DART Around, VA North Texas break Veteran isolation barriers


shadow

Vincent Calloway had never ridden on a Dallas Area Rapid Transit (DART) train. In fact, Calloway, a U.S. Army Veteran, hadn’t used any public transportation in many years due to his post traumatic stress.

Through an innovative VA North Texas recreation therapy program, dubbed ‘DART Around’, Veterans like Calloway who are recovering from mental health illness are escorted by a social worker and a recreational therapist to a variety of high-volume public transportation locales and stops around the Dallas-Fort Worth metroplex. Throughout the weekly outings, the social worker and recreation therapist work with the Veterans, explaining how to use the public transportation system, key ways to be mindful of their surroundings, and how to interact with the environment around them.

US Navy Veteran Jon Hicks studies a map of downtown Dallas as he and a eleven other Veterans participate in VA North Texas’ ‘DART Around’ recreational therapy program. The ‘DART Around’ therapy program is designed to aid Veterans with serious mental health illness in developing self-confidence and skills needed to function in social settings. Under supervision, the group of a dozen Veterans ventures out each week on the DART to different locations and build social skills with the help of their fellow Veterans.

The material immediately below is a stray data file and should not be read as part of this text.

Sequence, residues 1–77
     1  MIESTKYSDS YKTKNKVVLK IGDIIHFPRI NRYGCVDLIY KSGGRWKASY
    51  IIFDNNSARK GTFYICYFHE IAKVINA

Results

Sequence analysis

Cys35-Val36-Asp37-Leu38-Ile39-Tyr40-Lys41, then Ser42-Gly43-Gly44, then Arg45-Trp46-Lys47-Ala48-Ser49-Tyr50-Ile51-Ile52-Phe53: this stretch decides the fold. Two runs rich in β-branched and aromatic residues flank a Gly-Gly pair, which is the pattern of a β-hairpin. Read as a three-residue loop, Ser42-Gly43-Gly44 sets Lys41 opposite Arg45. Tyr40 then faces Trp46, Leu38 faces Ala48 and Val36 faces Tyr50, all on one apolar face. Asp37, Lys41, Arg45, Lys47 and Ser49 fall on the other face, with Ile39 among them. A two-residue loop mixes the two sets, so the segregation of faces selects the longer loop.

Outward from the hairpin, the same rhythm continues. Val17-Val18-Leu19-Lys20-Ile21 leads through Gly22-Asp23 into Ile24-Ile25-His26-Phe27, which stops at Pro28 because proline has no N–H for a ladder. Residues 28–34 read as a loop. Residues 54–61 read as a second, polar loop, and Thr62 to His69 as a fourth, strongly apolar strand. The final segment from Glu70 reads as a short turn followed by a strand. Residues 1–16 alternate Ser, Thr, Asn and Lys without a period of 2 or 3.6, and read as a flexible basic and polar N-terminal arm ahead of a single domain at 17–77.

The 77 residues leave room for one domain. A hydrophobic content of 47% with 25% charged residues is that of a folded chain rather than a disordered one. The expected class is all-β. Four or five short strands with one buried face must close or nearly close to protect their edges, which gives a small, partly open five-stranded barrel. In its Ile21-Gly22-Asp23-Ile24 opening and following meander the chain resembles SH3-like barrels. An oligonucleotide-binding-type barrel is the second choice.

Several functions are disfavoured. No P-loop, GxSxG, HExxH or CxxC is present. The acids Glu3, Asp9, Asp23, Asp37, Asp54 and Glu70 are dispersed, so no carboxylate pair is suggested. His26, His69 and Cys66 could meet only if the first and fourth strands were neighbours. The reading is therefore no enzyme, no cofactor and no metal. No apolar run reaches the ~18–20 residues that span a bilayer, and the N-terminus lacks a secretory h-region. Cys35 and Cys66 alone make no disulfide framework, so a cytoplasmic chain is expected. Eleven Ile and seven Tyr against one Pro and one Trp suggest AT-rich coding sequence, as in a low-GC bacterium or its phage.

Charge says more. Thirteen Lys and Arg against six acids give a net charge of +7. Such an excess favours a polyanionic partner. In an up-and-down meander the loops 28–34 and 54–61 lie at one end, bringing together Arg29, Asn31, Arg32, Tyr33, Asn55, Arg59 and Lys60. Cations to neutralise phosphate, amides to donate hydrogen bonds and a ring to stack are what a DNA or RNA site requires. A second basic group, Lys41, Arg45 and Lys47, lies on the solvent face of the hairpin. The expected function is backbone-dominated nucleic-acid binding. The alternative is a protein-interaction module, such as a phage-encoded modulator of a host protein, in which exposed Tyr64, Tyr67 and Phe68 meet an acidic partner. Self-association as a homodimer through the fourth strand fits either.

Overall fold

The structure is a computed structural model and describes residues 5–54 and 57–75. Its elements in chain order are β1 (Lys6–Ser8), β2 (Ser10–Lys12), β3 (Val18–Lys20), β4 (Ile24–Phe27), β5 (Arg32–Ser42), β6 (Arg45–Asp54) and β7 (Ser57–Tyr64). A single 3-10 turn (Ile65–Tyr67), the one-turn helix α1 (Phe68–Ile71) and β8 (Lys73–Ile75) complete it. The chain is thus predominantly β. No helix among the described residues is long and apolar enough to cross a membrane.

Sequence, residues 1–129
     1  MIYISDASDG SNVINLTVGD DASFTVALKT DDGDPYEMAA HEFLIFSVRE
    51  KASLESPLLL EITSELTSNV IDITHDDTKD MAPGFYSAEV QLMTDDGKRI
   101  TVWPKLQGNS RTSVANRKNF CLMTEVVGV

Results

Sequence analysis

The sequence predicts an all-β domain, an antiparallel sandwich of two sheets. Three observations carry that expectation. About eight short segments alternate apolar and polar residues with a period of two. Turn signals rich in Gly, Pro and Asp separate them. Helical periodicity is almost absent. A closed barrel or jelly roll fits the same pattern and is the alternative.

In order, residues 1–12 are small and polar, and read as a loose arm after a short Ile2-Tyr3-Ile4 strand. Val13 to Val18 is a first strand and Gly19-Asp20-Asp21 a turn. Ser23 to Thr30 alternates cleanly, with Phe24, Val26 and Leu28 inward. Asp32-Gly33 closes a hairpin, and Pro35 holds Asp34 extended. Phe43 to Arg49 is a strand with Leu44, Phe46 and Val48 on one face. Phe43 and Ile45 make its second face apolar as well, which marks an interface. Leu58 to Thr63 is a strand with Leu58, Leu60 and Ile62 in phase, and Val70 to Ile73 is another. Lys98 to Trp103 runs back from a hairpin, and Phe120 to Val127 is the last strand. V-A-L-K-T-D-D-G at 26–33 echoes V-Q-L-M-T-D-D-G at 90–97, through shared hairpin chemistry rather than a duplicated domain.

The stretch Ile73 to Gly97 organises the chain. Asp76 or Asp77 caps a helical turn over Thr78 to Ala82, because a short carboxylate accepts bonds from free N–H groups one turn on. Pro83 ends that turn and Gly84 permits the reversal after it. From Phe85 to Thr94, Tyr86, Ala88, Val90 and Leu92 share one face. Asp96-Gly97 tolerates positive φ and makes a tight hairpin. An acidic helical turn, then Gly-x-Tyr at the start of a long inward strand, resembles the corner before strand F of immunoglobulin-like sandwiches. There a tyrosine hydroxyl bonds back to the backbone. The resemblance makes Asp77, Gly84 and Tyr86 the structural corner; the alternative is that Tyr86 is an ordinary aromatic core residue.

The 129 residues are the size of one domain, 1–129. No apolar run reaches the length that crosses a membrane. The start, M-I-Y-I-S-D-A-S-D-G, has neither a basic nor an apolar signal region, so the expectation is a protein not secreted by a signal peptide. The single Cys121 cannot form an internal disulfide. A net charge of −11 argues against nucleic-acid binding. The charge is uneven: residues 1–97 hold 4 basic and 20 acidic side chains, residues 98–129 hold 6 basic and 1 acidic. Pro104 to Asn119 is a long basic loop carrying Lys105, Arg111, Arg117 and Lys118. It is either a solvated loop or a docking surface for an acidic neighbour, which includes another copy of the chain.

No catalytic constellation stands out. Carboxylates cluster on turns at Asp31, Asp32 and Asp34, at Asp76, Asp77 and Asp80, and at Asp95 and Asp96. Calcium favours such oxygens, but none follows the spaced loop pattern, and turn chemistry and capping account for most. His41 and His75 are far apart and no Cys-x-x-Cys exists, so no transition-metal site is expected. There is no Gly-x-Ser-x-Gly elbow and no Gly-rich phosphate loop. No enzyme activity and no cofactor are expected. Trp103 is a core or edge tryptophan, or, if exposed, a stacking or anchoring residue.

“This is intended to be a shouldering-event for our Veterans,” said Kim Canova-Romans, VA North Texas recreational therapist. “It’s like breaking down scaffolding–one layer at a time we help them tear down the barriers that keep them isolated and alone.”

The ‘DART Around’ program was developed in 2007 by VA North Texas social worker, Donna McCollum. She found that, due to mental illness, some Veterans could not operate a motor vehicle and were unable to navigate a public transportation system. These Veterans were left with few options, fewer friends, and were on a fast track to depression and isolation.

“Often with severe mental illness. our Veterans find it difficult to interact and move through society, sometimes to the point all they know are the four walls they live in,” said McCollum. “This program helps them build confidence in themselves and the skills they need to escape those four walls.”

The Veterans in the program are encouraged to make connections and interact with fellow Veterans on the outings, share what they’ve learned, how they coped, and enjoy the successes they’ve achieved as part of the program.

“I’m so grateful for this program,” said Calloway. “Sometimes all it takes is another Veteran to help take away the fear and anxiety that goes with learning how to cope.”


Michael Cole is a public affairs specialist with VA North Texas Health Care System.

Author

VAntagePoint Contributor

— VAntage Point Contributors provide insight and perspective on a wide range of Veterans issues. If you’d like to contribute a story to VAntage Point, learn how you can submit a guest blog at http://www.blogs.va.gov/VAntage/how-to-submit-a-guest-post/